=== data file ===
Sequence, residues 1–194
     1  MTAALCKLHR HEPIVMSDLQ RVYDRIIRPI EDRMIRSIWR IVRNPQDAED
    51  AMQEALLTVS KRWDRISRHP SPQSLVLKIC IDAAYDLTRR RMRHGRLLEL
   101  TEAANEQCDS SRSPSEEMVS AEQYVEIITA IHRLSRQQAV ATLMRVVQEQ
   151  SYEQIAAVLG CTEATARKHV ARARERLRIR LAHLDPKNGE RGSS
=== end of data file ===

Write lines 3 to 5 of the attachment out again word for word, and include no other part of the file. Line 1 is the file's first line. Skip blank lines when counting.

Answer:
    51  AMQEALLTVS KRWDRISRHP SPQSLVLKIC IDAAYDLTRR RMRHGRLLEL
   101  TEAANEQCDS SRSPSEEMVS AEQYVEIITA IHRLSRQQAV ATLMRVVQEQ
   151  SYEQIAAVLG CTEATARKHV ARARERLRIR LAHLDPKNGE RGSS